Sir Phlip Sidney, The Defense of Poesy:
And first, truly, to all them that, professing learning, inveigh against poetry, may justly be objected that they go very near to ungratefulness, to seek to deface that which, in the noblest nations and languages that are known, has been the first light-giver to ignorance, and first nurse, whose milk by little and little enabled them to feed afterwards of tougher knowledges. And will they now play the hedgehog, that, being received into the den, drove out his host? Or rather the vipers, that with their birth kill their parents? Let learned Greece in any of her manifold sciences be able to show me one book before Musæus, Homer, and Hesiod, all three nothing else but poets. Nay, let any history be brought that can say any writers were there before them, if they were not men of the same skill, as Orpheus, Linus, and some other are named, who, having been the first of that country that made pens deliver of their knowledge to their posterity, may justly challenge to be called their fathers in learning. For not only in time they had this priority—although in itself antiquity be venerable—but went before them as causes, to draw with their charming sweetness the wild untamed wits to an admiration of knowledge. So as Amphion was said to move stones with his poetry to build Thebes, and Orpheus to be listened to by beasts,—indeed stony and beastly people. So among the Romans were Livius Andronicus and Ennius; so in the Italian language the first that made it aspire to be a treasure-house of science were the poets Dante, Boccace, and Petrarch; so in our English were Gower and Chaucer, after whom, encouraged and delighted with their excellent foregoing, others have followed to beautify our mother-tongue, as well in the same kind as in other arts.
This did so notably show itself, that the philosophers of Greece durst not a long time appear to the world but under the masks of poets. So Thales, Empedocles, and Parmenides sang their natural philosophy in verses; so did Pythagoras and Phocylides their moral counsels; so did Tyrtæus in war matters, and Solon in matters of policy; or rather they, being poets; did exercise their delightful vein in those points of highest knowledge which before them lay hidden to the world. For that wise Solon was directly a poet it is manifest, having written in verse the notable fable of the Atlantic Island which was continued by Plato. And truly even Plato whosoever well considers, shall find that in the body of his work though the inside and strength were philosophy, the skin as it were and beauty depended most of poetry. For all stands upon dialogues; wherein he feigns many honest burgesses of Athens to speak of such matters that, if they had been set on the rack, they would never have confessed them; besides his poetical describing the circumstances of their meetings, as the well-ordering of a banquet, the delicacy of a walk, with interlacing mere tales, as Gyges’ Ring and others, which who knows not to be flowers of poetry did never walk into Apollo’s garden.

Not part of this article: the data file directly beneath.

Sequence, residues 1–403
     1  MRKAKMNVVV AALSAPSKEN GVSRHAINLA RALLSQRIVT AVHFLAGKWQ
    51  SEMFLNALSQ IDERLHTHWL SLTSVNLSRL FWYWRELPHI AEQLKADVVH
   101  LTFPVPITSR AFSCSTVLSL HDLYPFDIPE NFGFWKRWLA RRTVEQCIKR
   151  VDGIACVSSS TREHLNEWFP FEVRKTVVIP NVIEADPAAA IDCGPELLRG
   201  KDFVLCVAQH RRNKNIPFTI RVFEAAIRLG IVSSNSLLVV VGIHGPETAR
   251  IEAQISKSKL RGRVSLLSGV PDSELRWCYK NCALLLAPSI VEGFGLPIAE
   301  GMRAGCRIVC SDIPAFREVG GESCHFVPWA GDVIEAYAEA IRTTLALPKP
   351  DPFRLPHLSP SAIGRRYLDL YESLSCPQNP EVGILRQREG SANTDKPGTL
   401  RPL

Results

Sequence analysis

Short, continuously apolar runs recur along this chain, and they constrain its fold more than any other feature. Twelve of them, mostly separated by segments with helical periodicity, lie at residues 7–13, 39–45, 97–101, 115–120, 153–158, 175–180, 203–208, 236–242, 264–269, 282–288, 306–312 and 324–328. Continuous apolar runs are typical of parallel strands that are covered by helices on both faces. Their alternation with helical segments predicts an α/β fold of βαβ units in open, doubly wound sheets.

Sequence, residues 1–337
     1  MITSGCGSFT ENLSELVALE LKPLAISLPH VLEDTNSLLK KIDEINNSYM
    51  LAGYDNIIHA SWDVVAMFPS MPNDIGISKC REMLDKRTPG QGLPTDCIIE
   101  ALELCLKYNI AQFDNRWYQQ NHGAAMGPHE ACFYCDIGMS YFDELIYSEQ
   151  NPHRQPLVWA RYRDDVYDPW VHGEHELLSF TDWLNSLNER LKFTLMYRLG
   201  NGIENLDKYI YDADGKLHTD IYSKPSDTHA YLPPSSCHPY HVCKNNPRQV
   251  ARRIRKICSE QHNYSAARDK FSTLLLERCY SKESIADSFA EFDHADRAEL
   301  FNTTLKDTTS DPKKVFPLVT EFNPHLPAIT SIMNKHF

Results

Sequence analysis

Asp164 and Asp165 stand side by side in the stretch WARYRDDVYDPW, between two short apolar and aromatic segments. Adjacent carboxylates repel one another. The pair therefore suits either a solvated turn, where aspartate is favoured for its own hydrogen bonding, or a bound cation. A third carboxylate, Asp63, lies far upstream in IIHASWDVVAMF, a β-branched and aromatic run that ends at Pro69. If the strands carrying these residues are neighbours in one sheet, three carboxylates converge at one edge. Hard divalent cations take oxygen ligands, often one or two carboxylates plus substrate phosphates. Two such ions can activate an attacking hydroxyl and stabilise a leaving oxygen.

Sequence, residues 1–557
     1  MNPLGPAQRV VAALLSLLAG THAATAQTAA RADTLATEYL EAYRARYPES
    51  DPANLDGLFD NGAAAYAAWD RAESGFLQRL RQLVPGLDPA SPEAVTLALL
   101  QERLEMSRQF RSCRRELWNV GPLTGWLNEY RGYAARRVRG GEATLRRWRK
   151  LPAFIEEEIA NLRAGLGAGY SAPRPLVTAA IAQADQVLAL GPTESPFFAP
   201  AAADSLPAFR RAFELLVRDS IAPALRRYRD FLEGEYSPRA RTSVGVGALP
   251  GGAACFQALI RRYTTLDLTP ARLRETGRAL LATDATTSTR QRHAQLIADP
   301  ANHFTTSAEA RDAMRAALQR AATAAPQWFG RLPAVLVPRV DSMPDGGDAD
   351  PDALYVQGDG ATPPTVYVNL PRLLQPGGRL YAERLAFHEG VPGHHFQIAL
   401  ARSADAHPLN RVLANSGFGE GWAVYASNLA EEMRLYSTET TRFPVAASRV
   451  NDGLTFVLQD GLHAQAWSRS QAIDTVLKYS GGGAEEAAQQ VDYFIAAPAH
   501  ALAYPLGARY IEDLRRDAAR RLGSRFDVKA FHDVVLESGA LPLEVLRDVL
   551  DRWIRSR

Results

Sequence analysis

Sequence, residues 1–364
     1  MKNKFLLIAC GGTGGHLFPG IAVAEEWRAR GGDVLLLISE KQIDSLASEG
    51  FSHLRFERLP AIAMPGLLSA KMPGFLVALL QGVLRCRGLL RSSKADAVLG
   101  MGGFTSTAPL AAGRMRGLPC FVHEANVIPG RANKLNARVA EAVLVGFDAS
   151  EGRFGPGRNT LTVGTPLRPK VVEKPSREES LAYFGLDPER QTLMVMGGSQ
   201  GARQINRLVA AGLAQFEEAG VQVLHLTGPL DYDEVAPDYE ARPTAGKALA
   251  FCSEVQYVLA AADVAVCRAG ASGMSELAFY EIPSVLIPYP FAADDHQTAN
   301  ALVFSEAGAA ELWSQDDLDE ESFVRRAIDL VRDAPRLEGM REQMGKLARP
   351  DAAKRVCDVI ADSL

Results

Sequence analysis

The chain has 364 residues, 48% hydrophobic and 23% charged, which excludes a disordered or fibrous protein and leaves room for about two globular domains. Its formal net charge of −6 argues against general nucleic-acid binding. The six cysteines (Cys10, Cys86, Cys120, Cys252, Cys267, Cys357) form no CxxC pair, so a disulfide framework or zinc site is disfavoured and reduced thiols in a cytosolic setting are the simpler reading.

And even historiographers, although their lips sound of things done, and verity be written in their foreheads, have been glad to borrow both fashion and perchance weight of the poets. So Herodotus entitled his history by the name of the nine Muses; and both he and all the rest that followed him either stole or usurped of poetry their passionate describing of passions, the many particularities of battles which no man could affirm, or, if that be denied me, long orations put in the mouths of great kings and captains, which it is certain they never pronounced.